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Break solid granite like butter

Rio de Janeiro/Blumberg.

The suburb 'Leblon' in Rio de Janeiro is chic and popular - and consequently very built-up. It is here that on the last vacant site - a large granite massif - a large, modern shopping centre with theatre, cine-centre and 240 shops is to be built - 23 000 m² in area. But the whole hard rock massif with a total volume of 30 000 m³ has to be removed first of all in order to allow space for an underground car park. It is here that hydraulic rock and concrete splitting equipment from DARDA is playing a leading role.
Because of the proximity of dwelling houses and businesses, strict rules have to apply during the demolition work: minimum noise and dust, absolutely no vibrations and certainly no shock waves. Work can only be carried out during the day, from nine to five, and no night or weekend shifts. The use of hand-held rock and concrete splitters from DARDA, in combination with diamond wire saws, offered the best solution. Gigantic blocks, 10 metres deep and 15 metres long are cut out and then broken up with splitters.
Success through the alternative offered by the combination approach. The rock is first sawn horizontally in order to produce strata or sections 1.5 to 3.00 metres high. Vertical and lateral incisions are then made to divide the rock into large blocks. These, however, must be further broken up to enable removal off site, a process which is not really commercially feasible using wire saws. This is why DARDA's rock splitters are being used. Several pieces of equipment, consisting in each case of a drive or power source and one or more splitting cylinders, are in operation. First of all holes are drilled at intervals of 30 to 40 cm over the whole length of the block using drilling hammers. The splitting cylinders are then inserted into the boreholes. Using hydraulic pressure, a wedge is pushed forward into the hole and forces the counter wedges surrounding it against the inner walls of the borehole. If several splitting cylinders are used simultaneously then this produces an enormous splitting force. For example, four C12 N cylinders together produce an effective splitting force of 14.028 kN (1.432 tons). In a matter of seconds, a fissure appears in the rock and the direction of this crack can be determined in advance. Thus, the splitting process is absolutely controllable.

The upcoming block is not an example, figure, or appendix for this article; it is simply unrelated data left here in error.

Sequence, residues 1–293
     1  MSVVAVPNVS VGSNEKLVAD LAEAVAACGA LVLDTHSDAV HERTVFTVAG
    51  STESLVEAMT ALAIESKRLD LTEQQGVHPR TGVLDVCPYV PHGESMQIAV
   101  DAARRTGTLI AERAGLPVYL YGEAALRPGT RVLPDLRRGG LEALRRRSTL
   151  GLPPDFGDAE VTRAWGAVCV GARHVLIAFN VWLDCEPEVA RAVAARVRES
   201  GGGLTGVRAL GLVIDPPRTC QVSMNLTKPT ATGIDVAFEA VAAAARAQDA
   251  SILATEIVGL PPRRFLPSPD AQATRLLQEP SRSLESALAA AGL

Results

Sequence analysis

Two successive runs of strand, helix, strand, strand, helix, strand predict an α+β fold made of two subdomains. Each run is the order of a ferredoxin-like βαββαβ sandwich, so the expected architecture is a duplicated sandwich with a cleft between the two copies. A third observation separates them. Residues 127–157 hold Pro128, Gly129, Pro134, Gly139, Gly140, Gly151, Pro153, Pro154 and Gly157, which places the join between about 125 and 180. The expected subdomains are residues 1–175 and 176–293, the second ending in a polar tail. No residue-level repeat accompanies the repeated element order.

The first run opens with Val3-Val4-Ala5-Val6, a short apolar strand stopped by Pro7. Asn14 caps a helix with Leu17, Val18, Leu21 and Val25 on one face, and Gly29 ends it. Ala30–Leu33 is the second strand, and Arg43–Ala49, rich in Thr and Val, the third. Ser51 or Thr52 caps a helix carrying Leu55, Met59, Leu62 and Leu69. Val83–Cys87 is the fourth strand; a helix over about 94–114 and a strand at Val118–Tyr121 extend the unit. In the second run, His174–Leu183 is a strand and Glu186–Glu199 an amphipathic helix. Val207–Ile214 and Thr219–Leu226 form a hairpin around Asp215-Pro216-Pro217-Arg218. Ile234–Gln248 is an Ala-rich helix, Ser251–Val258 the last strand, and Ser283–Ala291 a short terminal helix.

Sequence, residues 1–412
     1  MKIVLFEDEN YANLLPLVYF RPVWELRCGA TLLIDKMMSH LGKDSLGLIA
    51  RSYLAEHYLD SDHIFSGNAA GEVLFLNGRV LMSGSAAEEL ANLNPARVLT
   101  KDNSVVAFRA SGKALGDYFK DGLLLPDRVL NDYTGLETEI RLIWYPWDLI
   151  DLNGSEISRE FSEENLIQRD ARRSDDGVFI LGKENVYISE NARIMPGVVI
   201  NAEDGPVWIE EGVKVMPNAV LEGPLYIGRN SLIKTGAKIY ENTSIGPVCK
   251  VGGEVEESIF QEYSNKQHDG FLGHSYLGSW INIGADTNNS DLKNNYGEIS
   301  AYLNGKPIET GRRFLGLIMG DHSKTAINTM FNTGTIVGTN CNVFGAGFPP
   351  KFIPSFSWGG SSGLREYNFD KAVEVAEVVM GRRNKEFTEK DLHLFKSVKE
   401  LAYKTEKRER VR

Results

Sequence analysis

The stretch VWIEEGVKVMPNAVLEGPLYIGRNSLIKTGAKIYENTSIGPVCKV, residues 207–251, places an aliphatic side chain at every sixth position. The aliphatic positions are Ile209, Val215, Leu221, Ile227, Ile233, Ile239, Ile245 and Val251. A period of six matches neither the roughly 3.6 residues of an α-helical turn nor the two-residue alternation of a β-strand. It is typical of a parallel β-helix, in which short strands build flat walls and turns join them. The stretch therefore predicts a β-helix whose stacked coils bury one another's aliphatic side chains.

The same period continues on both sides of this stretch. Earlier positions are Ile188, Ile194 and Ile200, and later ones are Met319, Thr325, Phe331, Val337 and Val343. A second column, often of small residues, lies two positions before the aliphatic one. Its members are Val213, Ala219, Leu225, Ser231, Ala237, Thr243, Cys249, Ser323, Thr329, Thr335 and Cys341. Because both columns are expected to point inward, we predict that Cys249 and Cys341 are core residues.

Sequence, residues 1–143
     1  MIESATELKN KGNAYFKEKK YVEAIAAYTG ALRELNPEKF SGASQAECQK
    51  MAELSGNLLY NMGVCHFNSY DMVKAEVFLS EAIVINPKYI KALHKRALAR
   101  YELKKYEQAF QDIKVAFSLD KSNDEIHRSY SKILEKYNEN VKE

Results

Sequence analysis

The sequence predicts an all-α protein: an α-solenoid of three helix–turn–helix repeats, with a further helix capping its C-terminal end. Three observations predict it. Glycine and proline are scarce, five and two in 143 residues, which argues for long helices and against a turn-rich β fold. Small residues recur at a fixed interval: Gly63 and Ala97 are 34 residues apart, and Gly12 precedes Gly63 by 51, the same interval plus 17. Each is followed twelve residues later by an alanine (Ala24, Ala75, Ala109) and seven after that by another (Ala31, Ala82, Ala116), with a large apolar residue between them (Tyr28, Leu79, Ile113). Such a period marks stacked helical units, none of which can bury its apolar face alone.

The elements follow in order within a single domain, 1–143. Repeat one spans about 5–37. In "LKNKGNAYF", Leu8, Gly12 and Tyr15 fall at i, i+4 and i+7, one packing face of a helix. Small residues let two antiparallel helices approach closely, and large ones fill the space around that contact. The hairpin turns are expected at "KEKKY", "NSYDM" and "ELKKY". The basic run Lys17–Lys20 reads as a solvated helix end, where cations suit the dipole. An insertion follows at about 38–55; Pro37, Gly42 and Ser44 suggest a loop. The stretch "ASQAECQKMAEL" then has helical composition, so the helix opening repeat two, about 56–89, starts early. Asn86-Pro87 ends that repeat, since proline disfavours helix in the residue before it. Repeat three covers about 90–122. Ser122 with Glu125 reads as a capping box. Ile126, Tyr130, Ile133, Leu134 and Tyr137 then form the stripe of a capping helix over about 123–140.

The splitting cylinders are moved on and the process is repeated until the block has been cracked along its entire length. With single cylinders the whole block is further reduced into smaller pieces of roughly 30 m3.
But even at this stage the blocks are too big to be transported and so more splitters are used for secondary reduction. The larger blocks are further reduced to a size of about 1 m³ until they can be removed off site with ease. Environmentally friendly and controllable, the advantages offered by this method are clear: it meets the highest demands because the splitting process is quiet and free of dust and vibration. Moreover, there are no pieces of rock flying around in the vicinity. In a few seconds the procedure has been completed.
Furthermore, about 20% of the whole mass of the granite plateau is difficult to access and, therefore, the rock here cannot be broken up using other types of machinery or a wire saw. For the compact tools from DARDA, however, this poses no problems and a substantial part of the rock was removed using DARDA equipment alone.
Other methods of demolition which were considered at the beginning did not meet the challenge. Hydraulic demolition hammers would have caused too much noise, dust and vibration. The use of expanding cement would have meant a long delay between pouring in the cement and the appearance of a crack and progress would have been too slow. The hydraulic splitters from DARDA, in combination with wire saws, won the day because of their 'soft' demolition approach.